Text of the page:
Book review: Murder plot twists, turns in 'Cartwheel'

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Writer Jennifer duBois did a neat trick in "Cartwheel." She created a story that's part murder mystery and part chick lit, but ultimately much more. With "Cartwheel," Ms. duBois made herself heir to some of the great novelists of the past, writers who caught the inner lives of their characters and rendered them on the page in beautiful, studied prose.

By Jennifer duBois
Random House ($26).

From the luxuriousness of Ms. duBois' language it's hard to believe that "Cartwheel" was inspired by a tabloid sensation: Amanda Knox, the young American who was accused, convicted and then acquitted of murdering her roommate in Italy.

Ms. duBois states up-front that her themes were loosely based on the Knox case but says the book is entirely a work of fiction. She tells her tale through the perspectives of four main characters: Lily is the freewheeling 20-year-old exchange student living in Buenos Aires, Andrew is her anxious father, odd Sebastien is the young neighbor with whom she has a relationship, and uptight Eduardo is the lawyer who prosecutes her.

Each of them has experienced a great loss in their lives, which Ms. duBois outlines in detail and offers as motive for their behavior. Andrew and his wife, Maureen, had a child who died as a baby. Lily and her sister Anna feel like they were substitutes for the lost firstborn. Sebastien's parents were killed in a plane crash, and Eduardo was left by his wife, Maria.

Ms. duBois, who is 30 years old, fashions an incredibly complete picture of Lily. She is revealed by her own interior monologues as well as seen through the eyes of others, including the media. Some find her to be an obnoxious girl making stupid, crass choices. Lily views herself as a smart young woman just trying to make a life. The meaning of the cartwheel she does during her initial interrogation (something Amanda Knox was reported to have done) will be analyzed by many throughout the book.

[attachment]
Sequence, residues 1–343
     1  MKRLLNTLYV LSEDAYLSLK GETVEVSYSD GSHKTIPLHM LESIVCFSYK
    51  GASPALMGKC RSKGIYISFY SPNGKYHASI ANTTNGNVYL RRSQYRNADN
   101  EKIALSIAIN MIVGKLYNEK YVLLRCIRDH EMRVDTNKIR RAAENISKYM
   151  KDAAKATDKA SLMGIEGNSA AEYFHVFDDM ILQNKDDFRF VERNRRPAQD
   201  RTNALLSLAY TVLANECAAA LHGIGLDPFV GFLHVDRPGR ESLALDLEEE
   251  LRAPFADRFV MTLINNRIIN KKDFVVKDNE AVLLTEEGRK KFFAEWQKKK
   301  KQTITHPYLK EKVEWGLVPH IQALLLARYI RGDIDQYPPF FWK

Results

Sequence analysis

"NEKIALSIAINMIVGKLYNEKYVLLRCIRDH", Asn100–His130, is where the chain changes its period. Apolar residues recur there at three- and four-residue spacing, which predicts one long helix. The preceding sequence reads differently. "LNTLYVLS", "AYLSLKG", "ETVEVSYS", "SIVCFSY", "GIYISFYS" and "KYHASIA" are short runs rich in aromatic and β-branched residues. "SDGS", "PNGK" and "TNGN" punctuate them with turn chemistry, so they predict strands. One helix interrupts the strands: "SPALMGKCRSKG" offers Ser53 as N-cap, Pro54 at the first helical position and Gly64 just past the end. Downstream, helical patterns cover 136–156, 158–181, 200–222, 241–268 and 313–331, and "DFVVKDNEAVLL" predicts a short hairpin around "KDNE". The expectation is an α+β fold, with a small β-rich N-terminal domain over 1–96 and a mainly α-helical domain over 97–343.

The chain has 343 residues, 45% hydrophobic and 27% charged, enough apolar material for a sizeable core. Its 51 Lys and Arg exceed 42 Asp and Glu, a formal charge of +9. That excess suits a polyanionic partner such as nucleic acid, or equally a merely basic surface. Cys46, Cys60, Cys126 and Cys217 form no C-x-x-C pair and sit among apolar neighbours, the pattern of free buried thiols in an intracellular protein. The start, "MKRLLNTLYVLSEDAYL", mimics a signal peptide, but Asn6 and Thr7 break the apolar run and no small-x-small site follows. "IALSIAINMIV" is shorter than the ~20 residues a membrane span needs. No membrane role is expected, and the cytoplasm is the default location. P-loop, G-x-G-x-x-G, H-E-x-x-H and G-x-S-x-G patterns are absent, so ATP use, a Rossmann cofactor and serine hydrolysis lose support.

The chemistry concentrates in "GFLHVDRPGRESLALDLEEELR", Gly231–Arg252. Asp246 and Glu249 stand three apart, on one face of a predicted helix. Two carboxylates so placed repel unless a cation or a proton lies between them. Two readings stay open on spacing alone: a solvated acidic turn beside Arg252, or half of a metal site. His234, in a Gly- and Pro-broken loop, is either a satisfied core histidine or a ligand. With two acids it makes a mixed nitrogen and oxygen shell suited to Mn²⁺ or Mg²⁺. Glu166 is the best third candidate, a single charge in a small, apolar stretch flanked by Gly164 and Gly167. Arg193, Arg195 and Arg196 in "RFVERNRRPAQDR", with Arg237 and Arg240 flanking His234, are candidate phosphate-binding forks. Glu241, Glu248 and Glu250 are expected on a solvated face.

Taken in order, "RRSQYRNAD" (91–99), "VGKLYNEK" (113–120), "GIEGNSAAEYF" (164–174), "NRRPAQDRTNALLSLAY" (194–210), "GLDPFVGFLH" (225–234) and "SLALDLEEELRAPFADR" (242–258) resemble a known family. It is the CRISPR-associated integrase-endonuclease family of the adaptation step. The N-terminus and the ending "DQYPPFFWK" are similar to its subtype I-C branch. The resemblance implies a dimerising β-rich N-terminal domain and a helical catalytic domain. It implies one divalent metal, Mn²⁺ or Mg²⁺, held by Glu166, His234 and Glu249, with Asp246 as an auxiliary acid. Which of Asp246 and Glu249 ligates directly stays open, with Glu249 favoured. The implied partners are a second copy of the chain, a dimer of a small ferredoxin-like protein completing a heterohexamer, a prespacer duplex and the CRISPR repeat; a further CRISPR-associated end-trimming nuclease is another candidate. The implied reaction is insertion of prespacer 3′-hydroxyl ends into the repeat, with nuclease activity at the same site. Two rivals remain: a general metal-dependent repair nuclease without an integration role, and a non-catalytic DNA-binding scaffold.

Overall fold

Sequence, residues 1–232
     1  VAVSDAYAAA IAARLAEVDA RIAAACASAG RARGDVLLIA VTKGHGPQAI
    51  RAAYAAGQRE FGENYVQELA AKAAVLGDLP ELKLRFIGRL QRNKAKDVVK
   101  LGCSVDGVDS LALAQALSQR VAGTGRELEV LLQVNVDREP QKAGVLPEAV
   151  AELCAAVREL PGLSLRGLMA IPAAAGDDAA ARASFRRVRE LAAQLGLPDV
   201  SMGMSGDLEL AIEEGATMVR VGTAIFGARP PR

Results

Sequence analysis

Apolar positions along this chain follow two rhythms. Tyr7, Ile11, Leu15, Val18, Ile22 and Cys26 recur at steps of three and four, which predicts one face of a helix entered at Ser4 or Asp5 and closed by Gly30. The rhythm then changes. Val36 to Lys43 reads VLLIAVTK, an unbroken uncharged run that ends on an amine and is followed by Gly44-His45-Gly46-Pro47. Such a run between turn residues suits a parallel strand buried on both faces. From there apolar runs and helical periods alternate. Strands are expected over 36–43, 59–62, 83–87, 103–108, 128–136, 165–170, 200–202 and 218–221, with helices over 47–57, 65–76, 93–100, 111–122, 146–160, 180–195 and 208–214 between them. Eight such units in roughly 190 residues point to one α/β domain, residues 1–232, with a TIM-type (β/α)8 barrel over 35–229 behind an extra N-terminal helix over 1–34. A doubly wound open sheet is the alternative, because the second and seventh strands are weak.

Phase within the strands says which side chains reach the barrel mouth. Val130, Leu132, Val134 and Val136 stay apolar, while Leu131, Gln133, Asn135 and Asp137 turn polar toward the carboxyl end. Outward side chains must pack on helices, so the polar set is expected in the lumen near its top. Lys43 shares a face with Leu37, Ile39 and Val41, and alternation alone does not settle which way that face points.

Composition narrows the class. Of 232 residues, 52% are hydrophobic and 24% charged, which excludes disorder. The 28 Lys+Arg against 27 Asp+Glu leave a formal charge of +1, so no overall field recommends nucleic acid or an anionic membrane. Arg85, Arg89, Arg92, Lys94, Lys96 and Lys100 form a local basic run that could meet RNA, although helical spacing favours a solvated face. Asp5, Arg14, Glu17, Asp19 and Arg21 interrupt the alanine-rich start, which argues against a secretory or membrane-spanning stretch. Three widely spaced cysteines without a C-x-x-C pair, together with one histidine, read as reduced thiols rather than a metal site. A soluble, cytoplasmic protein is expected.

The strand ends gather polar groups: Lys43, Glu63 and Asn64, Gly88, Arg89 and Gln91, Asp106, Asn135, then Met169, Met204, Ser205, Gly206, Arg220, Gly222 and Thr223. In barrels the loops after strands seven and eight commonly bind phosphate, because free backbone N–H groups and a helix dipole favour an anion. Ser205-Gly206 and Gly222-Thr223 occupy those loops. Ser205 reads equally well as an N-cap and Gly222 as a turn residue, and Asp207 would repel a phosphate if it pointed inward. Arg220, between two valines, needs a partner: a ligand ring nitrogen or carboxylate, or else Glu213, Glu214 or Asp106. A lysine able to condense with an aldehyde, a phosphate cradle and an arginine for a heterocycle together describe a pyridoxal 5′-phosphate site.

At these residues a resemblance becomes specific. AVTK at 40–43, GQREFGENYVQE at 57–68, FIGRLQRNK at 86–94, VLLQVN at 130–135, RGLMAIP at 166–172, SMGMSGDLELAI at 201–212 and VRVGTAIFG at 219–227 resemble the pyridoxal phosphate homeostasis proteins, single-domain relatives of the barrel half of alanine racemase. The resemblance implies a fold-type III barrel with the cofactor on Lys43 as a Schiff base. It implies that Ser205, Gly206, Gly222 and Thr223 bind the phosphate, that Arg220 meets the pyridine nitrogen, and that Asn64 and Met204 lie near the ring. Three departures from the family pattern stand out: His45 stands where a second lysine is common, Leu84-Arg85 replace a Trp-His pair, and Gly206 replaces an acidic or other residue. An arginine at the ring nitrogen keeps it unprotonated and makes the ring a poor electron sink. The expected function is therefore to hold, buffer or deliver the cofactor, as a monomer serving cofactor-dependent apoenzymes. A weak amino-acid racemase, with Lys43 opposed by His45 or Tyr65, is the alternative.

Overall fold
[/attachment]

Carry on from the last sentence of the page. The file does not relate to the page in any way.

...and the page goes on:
Equally remarkable is Ms. duBois' portrait of the damaged father, Andrew. "The only people he respected were the ones whose pain was objectively, empirically, worse than his," she says. Fuzzier are the natures of Sebastien and, especially, Eduardo, whose belief in Lily's guilt is somehow tied to his preoccupation with his wayward wife.

Sometimes the scalding emotions of these people are intensely felt, such as during the first scene in the Argentinean jail between Lily and Andrew. Other times Ms. duBois' polished prose is so careful and crafted that the reader must stop and simply admire her skill. The writing is so gorgeously contrived and her vocabulary is so huge and impressive that it brings the forward motion of the narrative to a halt.

The story gains momentum when Ms. duBois relates to the morals and manners of the 21st century. Present are all the technological devices that currently pervade out lives: Instagram, online poker, Facebook, texts and email. Recovered voice messages taken from an iPhone are key to the case. References are made to reruns of "Friends," the movie "Lost in Translation," shopping at Target, Lady Gaga and Beyonce, and words such as douche and wow.

Only an observer of her caliber and generation could write this line: "Like a person whose immaculate beauty has faded enough that their stern glasses finally really do look dowdy."

Set primarily in January, February and March, Ms. duBois toggles randomly among these months so the characters are viewed before the crime takes place and after Lily's arrest. The trial is not a major part of the action. Ms. duBois concentrates on Lily's early days in Buenos Aires and how she feels about finally being away from home, her impressions of her host family and her new roommate, beautiful California girl Katy, who will become the victim.

Like any good murder mystery there is plenty of suspense. Katy might not be as innocent as she seems. Something funny is going on in their home away from home. But creating tension is not Ms. duBois' primary concern. Instead, she aims to observe the thoughts that intrude at the most inappropriate times, to capture memories and intricate emotions, and to make penetrating comments about living today. In "Cartwheel," she accomplishes this with acrobatic precision.




Margie Romero is communications manager at Pittsburgh Public Theater.

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